It was his favorite sport. He was fond of saying, “Sailing is the only sport that requires no physical exertion.” Albert Einstein was not only the greatest scientist of the 20th century, but he was also an excellent sailor despite his poor health. And it was precisely because of a heart ailment that he had to retire to Caputh, near Berlin, to a small house overlooking the lake. He would finally be able to play his favorite sport.
ALBERT EINSTEIN’S BOATS
On March 14, 1929, his 50th birthday, some wealthy friends gave him the boat of his dreams, the Tummler (dolphin). It was a delightful sloop exactly 7 meters long, 2.35 m wide, with a movable drift that rotated on a pivot that raised the draft from 0.33 to 1.25 m, equipped with a 6-hp inboard.
The sail plan, modern for the time, had a large 16.05 sq. m. mainsail, a 3.95 sq. m. foresail and a beautiful 8.25 sq. m. jib. Below deck a cabin with two bunks. Tummler was built of wood to the design of engineer Adolf Harms, who was also its builder. “When his hands grasp the helm, Albert Einstein enthusiastically tells his friends about his latest scientific ideas. He steers the boat with the joy and lightness of a child,” writes his biographer Rudolf Kaiser.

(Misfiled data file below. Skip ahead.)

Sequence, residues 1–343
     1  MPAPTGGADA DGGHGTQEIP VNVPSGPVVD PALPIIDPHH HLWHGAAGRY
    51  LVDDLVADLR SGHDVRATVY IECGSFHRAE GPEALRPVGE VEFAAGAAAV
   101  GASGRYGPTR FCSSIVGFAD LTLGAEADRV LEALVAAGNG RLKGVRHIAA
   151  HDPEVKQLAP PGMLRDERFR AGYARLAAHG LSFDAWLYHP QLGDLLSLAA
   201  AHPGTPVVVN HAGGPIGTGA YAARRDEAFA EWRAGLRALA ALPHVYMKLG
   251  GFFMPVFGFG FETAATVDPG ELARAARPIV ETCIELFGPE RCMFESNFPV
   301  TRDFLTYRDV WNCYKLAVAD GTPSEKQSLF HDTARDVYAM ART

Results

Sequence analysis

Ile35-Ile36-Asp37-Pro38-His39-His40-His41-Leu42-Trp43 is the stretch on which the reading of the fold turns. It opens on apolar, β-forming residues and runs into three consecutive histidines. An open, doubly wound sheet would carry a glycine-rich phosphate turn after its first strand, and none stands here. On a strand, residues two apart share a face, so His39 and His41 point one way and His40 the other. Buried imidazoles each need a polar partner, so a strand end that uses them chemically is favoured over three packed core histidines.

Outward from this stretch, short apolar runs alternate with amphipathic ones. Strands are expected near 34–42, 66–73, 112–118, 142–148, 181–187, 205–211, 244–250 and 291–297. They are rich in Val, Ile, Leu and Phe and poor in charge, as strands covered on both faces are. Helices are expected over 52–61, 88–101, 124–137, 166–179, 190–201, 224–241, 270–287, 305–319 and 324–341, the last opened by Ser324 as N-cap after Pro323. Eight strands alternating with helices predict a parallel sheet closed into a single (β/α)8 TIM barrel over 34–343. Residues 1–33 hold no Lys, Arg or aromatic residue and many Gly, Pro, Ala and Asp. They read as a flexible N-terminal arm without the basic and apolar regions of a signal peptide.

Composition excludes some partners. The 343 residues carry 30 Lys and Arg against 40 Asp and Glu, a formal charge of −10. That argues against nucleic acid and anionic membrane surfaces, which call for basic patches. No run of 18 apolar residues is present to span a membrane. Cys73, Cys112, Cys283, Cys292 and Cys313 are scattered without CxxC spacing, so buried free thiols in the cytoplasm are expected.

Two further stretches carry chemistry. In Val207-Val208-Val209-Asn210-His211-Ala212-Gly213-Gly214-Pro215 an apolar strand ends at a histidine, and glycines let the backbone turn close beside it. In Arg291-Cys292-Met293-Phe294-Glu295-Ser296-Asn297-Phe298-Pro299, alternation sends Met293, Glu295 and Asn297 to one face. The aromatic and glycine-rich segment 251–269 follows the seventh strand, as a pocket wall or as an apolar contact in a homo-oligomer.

But in January 1933 Einstein must flee to America following Hitler’s seizure of power. His boat is seized and sold to a dentist. With the war over in 1945, the great scientist tries to find his beloved boat. The search is in vain. But Einstein never stopped practicing sailing.
He chose for his old age a less demanding 5-meter boat, the Tinef, with which he went out as soon as he could to Huntington, Long Island, near the U.S. university where he taught. Until his death in 1955.